Rapid City, South Dakota was busy. Really busy. There was so much chatter on the approach frequency I could hardly get a word in. Finally I got through, and we landed for fuel.
It was raining when we took off from Rapid City. And in less than ten minutes I was lost again. This time, since I was close to two large airports, I figured it wouldn't be wise to wander about through big-city traffic trying to get my bearings. So I called approach control and told them I was disoriented and needed some help getting onto I-90 west. It was embarrassing, of course. But the fellows on the radio didn't make fun of me. They steered me for awhile and then handed me off to Rapid City Flight Service. Flight Service had me turn this way and that for radar-identification (the Mite has no transponder) and then suggested a heading that would take me over the highway. Within 10 minutes I was back on track and headed west. "Thanks very much for your help," I radioed to Flight Service. And I meant it.
The rain stopped a few miles west of Rapid City, and I took time to enjoy the scenery. The terrain became more rugged. I-90 was crawling with tiny black bugs--actually hundreds of motor-cycles on their way to and from Sturgis, for the 50th annual motorcycle festival there.
As we flew past Spearfish, South Dakota I became concerned about a dark mass directly ahead. More rain! I decided to go on as far as possible, then land if necessary. We were just passing over Beulah, Wyoming when it became obvious that going on was impossible; ten miles ahead a wall of heavy rain obscured the road, the mountains, everything. There was no choice but to turn back. We landed at Spearfish's Black Hills Airport, and I was allowed to push the Mite into a hanger until the rain passed. In a few minutes Spearfish was enveloped in a downpour; the decision to stop had been a good one.
I was pretty discouraged about the weather. It looked almost certain that I'd never make it to Seattle by Sunday night. The thought of losing another day's pay was depressing. I called Sharon and told her what was happening. She encouraged me not to take chances with the weather--getting home safely was of more value than saving a day's pay. She was right, of course.
After two hours the rain stopped, but the runway was still wet. Mites are made of wood, and soaking the wing structure with water thrown from spinning tires did not seem wise. While waiting for the runway to dry off, I enjoyed watching skydivers jump from an ancient Cessna 182, plunge down in free fall and then pirouette in circles and swoops until the last few seconds before a stand-up landing in a field south of the hangers.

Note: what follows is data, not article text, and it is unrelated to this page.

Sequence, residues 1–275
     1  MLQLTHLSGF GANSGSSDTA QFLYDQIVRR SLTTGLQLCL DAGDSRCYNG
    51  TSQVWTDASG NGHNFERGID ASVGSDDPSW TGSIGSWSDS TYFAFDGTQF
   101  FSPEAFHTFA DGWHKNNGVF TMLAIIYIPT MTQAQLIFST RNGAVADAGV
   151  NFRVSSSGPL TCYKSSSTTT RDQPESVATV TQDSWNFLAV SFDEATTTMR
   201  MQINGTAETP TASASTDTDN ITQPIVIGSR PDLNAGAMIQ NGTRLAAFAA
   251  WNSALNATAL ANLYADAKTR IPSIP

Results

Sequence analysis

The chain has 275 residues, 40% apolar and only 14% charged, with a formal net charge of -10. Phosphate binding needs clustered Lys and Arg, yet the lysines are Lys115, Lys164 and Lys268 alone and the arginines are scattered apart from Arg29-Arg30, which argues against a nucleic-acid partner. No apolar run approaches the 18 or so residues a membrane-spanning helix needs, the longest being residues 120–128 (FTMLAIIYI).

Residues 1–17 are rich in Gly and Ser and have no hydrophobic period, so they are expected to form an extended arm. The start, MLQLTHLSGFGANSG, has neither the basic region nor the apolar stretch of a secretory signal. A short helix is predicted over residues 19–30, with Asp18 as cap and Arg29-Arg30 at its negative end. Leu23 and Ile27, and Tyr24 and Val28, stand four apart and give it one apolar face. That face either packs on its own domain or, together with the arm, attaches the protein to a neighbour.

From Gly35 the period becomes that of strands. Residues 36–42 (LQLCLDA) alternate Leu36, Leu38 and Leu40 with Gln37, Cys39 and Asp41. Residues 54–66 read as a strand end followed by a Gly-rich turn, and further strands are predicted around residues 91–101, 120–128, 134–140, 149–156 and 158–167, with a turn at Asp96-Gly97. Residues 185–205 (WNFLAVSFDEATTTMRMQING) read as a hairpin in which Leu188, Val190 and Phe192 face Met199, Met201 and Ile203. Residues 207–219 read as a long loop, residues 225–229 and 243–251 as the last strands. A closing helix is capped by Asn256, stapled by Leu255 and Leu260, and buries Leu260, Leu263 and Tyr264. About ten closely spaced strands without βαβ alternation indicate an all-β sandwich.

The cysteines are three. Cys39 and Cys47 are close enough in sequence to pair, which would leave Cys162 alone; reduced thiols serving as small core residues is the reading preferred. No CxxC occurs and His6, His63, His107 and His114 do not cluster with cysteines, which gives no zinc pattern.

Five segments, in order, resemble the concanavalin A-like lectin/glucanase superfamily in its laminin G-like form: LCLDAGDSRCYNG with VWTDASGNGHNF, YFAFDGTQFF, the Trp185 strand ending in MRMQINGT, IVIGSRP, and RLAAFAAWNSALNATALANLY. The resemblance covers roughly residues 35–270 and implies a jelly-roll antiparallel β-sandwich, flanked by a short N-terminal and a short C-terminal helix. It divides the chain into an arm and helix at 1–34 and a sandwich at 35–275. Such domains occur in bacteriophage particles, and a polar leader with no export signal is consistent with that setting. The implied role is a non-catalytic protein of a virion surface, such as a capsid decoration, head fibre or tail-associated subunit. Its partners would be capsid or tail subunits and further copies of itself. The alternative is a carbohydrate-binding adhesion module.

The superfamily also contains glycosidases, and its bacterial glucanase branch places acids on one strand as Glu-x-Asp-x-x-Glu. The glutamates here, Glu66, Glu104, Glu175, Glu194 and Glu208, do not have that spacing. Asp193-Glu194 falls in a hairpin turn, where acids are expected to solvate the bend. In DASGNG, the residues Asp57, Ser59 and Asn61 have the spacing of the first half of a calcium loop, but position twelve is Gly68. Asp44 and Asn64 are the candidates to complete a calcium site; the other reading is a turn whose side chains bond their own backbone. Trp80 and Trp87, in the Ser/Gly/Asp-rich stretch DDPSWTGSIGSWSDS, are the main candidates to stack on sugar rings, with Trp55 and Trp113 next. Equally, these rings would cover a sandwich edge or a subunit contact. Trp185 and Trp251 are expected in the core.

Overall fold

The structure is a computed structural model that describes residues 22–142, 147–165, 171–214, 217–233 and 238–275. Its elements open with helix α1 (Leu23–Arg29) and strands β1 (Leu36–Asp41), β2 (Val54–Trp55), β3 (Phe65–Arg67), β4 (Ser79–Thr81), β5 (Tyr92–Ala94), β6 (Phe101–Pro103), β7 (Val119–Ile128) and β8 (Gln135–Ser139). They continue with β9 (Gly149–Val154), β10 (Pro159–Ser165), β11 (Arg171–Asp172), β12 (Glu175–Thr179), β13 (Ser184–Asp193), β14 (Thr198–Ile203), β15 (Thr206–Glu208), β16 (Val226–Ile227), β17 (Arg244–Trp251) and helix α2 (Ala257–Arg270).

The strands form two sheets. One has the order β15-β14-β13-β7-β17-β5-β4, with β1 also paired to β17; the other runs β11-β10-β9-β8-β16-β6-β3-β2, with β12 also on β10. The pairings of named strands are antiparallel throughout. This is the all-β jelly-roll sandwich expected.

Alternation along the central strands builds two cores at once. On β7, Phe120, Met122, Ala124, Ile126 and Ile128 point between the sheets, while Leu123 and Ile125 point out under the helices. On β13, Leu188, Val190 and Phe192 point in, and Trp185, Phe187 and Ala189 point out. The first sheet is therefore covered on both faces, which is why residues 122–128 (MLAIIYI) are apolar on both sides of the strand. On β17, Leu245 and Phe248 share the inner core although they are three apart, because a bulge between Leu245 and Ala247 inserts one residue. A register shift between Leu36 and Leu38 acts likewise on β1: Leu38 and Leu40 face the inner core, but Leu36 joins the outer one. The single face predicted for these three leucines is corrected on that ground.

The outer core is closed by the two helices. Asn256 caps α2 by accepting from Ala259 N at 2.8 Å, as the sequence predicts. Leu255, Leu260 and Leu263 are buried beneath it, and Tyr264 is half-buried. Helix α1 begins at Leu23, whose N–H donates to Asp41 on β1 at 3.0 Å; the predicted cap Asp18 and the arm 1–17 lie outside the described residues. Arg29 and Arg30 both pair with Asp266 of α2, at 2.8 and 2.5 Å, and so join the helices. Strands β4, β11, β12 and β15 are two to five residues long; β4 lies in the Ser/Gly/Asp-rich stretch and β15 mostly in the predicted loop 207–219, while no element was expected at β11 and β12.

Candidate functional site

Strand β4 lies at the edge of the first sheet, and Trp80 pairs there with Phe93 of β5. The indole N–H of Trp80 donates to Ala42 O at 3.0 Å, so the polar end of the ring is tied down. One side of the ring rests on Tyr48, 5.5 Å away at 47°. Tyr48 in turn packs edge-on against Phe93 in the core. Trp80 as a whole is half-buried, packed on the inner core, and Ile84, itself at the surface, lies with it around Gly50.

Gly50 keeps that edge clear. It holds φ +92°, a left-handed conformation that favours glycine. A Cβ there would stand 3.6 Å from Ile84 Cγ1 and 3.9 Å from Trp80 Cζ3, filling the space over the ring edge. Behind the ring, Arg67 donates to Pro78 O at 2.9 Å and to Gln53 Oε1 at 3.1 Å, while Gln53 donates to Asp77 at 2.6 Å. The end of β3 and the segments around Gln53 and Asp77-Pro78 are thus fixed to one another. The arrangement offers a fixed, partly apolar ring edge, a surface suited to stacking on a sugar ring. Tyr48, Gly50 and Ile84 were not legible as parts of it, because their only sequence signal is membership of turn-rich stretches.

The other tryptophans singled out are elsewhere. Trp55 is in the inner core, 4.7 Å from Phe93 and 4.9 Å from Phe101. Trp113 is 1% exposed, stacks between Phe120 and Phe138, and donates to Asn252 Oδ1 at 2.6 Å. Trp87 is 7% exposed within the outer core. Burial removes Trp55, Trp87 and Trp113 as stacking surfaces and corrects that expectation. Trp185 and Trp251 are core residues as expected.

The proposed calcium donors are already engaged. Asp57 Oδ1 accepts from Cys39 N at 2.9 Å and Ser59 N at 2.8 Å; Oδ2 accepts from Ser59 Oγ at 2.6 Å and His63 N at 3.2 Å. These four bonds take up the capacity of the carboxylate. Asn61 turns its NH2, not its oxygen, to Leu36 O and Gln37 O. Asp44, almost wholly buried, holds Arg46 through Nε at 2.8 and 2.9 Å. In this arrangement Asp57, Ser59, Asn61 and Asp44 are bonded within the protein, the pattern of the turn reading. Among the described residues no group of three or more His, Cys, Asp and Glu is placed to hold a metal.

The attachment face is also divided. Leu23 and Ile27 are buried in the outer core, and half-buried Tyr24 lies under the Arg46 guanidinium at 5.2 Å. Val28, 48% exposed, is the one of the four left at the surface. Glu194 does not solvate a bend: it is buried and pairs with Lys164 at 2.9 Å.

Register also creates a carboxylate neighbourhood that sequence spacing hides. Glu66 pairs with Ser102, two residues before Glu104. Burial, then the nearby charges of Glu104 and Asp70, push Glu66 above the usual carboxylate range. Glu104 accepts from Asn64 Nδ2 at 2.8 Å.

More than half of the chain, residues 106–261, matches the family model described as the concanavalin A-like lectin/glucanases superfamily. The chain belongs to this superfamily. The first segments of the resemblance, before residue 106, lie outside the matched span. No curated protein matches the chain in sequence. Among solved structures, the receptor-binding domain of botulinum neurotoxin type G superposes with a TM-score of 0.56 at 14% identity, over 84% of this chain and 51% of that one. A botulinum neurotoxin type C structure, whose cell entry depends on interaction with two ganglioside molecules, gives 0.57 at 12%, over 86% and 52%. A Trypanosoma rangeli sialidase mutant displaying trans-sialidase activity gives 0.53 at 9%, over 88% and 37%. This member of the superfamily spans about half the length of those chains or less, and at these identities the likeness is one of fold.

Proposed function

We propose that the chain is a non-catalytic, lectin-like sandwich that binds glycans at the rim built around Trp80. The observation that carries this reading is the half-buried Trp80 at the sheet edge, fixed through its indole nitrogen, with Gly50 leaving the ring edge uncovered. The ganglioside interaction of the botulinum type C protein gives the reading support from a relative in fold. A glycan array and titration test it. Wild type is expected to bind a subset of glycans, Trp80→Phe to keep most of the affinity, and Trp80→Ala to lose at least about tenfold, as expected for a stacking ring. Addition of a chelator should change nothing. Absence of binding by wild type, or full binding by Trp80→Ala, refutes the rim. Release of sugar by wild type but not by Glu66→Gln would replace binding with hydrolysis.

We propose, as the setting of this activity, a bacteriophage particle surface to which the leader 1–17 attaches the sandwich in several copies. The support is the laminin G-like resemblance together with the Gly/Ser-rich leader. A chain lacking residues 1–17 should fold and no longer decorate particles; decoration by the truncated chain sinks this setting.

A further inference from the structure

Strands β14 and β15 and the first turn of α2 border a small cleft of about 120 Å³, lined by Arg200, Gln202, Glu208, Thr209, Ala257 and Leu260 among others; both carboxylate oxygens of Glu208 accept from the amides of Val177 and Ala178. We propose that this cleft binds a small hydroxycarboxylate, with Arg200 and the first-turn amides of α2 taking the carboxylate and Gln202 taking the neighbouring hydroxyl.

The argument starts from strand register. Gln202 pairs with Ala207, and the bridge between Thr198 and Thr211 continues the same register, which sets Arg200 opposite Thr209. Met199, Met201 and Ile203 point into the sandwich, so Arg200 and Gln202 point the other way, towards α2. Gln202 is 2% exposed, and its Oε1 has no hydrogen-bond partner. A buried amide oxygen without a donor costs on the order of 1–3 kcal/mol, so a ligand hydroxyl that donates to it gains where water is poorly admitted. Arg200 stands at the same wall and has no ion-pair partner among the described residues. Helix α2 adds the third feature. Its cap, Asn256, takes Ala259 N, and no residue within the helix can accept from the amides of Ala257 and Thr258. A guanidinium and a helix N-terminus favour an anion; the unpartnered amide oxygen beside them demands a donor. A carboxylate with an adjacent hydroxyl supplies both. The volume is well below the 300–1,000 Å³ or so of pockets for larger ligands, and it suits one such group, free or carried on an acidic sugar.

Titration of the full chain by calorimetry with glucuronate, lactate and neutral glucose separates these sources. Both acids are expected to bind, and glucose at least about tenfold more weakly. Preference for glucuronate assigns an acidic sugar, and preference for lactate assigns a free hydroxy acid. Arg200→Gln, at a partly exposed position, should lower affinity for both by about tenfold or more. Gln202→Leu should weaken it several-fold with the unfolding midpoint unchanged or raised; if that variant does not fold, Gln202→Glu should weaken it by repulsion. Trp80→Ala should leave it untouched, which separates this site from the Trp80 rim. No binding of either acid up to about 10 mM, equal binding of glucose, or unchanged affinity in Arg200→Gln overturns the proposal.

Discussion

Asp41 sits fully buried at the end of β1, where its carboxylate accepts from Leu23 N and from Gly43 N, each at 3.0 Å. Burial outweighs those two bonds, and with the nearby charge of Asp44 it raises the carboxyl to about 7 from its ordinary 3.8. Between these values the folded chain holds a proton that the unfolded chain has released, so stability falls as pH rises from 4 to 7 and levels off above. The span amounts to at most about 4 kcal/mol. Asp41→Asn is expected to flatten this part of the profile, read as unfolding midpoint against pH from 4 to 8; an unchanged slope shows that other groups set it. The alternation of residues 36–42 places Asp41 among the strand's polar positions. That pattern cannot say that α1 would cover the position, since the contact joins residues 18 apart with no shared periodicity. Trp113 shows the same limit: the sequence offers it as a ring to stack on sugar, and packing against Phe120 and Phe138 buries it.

Finally the runway was dry. With the sky becoming lighter to the west, the Mite and I climbed out through a saddle-back between two low hills off the north end of the runway and banked gently to the west. On to Gillette!
The flight to Gillette, Wyoming was easy and enjoyable. Navigation was not a worry: 1-90 was an unmistakable guide. Twenty miles out of Gillette a band of cumulus clouds appeared ahead, looking rather- formidable. But as we drew closer the clouds proved to be scattered widely enough to permit passage with only minor weaving. What a fascinating sensation it was to thread my way among those giant white puffs. I could not resist the temptation to occasionally clip the edge of a cloud. Such close encounters gave me a new appreciation for the airplane's speed.
After a brief fuel stop in Gillette, we continued west toward Billings, Montana. The weather was perfect for the first hour, but a dark area ahead and to the left brought new anxiety. A huge pile of clouds rose above the low hills, and beneath it fell a dark column of rain. I watched intently for several seconds, looking for lightning. Yes! A crooked orange spark flashed within the dark rain. A thunderstorm! I flew on, hoping we could pass the storm before it came too close to the highway.
A row of dark clouds extended several miles downwind of the storm, all the way across the highway, with a thin curtain of rain drifting downward beneath it. I could see through the rain, and concluded that we should be able to fly through it. For a couple minutes tiny rain drops pelted the windshield, and the Mite trembled and bucked in the choppy air. But beyond the clouds the air was clear and smooth. The sun emerged from behind the thunderhead, touching the earth below with the warm gold light of evening.
At Billings, Montana, our next stop, I could not find the airport. I studied the chart frantically, comparing the airport's position to that of the town. My eyes swept the valley. It just wasn't there. Finally with some guidance from approach control, I spotted it. It wasn't in the valley at all, but high on the fiat-topped bluff north of town. I was glad the people in the tower had been patient.
Corporate Air reduced their normal $35.00 hanger fee to $15.00 for the Mite, because the airplane was so small. The Sheraton sent a van right to the Corporate Air office to pick me up, without charge. Again I called Sharon from the motel room. I was glad to be able to tell her I might reach Seattle by Sunday night after- all, if the weather would cooperate.